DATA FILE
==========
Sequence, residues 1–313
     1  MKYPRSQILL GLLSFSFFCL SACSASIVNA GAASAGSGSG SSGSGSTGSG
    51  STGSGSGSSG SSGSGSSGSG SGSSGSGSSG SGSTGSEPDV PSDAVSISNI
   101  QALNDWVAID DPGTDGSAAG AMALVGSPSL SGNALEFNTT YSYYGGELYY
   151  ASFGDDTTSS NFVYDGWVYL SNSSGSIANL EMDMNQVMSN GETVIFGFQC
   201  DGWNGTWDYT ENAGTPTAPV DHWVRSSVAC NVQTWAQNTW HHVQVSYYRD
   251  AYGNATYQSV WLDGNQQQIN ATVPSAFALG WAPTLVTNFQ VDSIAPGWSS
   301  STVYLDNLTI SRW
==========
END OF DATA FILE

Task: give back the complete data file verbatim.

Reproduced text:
Sequence, residues 1–313
     1  MKYPRSQILL GLLSFSFFCL SACSASIVNA GAASAGSGSG SSGSGSTGSG
    51  STGSGSGSSG SSGSGSSGSG SGSSGSGSSG SGSTGSEPDV PSDAVSISNI
   101  QALNDWVAID DPGTDGSAAG AMALVGSPSL SGNALEFNTT YSYYGGELYY
   151  ASFGDDTTSS NFVYDGWVYL SNSSGSIANL EMDMNQVMSN GETVIFGFQC
   201  DGWNGTWDYT ENAGTPTAPV DHWVRSSVAC NVQTWAQNTW HHVQVSYYRD
   251  AYGNATYQSV WLDGNQQQIN ATVPSAFALG WAPTLVTNFQ VDSIAPGWSS
   301  STVYLDNLTI SRW